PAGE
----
A new ONS (Office for National Statistics) report (produced with Public Health England) reveals the extent of inequalities in life expectancy and healthy life expectancy in England, and also in local authority regions.
Wide inequalities exist not only between the most and least deprived areas of England, but also between the most and least deprived areas within local councils. In comparison with the most deprived areas, the data for those inhabiting the least deprived areas were higher by 16.7 years for males and 16.8 years for females. This difference was far greater for healthy life expectancy than it was for life expectancy. Also, the number of years an individual caN expect to live in good health (healthy life expectancy) from 2009 – 2013 in England was 63.5 years for males and 64.8 years for females.
The report concluded that there has been hardly any change in this inequality during the last decade. Professor John Newton, Chief Knowledge Officer at Public Health England, said: ‘The findings reinforce the need to address health inequality through public health and prevention as all the evidence shows that the root causes of health inequalities like these lie largely outside the health service. ‘The other big issue is that inequalities are greater for years of life lived in ill health. People are living longer with one or more diseases like diabetes or cancer that might in the past have been fatal.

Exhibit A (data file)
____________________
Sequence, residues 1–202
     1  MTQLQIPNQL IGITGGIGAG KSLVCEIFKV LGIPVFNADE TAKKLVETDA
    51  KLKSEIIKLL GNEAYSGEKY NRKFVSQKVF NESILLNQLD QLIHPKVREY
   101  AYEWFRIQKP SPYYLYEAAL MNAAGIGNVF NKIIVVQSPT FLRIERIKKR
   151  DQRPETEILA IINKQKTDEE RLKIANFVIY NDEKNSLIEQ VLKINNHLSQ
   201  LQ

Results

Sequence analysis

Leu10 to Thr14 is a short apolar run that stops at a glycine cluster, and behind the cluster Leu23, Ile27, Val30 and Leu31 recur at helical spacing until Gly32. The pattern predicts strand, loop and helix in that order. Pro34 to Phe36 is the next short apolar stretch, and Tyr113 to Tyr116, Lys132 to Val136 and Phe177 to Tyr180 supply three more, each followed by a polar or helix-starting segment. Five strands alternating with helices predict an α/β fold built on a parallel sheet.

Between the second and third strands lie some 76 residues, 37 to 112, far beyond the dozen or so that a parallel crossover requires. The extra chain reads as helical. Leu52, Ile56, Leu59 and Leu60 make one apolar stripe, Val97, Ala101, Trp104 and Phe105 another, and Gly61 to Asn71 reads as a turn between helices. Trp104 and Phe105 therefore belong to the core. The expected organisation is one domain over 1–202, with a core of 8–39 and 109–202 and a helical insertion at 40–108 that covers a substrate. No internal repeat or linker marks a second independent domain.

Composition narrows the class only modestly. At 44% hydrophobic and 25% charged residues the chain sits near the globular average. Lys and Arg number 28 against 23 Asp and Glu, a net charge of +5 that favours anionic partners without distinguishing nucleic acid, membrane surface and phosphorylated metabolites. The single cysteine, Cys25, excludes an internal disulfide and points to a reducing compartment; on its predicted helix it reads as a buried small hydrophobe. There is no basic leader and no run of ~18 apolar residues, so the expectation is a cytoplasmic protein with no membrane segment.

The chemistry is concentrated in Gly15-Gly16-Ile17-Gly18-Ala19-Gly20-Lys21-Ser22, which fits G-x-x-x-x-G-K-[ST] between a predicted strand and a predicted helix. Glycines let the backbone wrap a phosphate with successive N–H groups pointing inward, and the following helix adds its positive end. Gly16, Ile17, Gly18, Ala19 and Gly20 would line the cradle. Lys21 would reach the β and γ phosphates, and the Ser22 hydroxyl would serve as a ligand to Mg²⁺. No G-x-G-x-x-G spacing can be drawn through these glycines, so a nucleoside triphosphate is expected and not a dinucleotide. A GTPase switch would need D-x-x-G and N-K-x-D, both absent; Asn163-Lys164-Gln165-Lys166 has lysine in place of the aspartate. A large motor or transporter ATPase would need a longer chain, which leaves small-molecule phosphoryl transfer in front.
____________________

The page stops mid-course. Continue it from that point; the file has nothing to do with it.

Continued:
This is a new situation for care services and has implications for how and where the resources those services need to be allocated in future.’ Dr Ann Marie Connolly, Deputy Director, Health Equity and Mental Health, at Public Health England, added: ‘We know that inequalities in life expectancy emerge from inequalities in the conditions of daily life including people’s incomes, living standards, educational attainment and access to services. These in turn can drive unhealthy behaviours like smoking, poor diet and physical inactivity. Although we’ve seen improvements in physical activity and smoking rates, these have not been enjoyed by all sections of society and so we continue to see these stark differences in outcomes for different communities across England.’
This is the very first time such an analysis has been done, both nationally and within local authority areas, with the help of health professionals.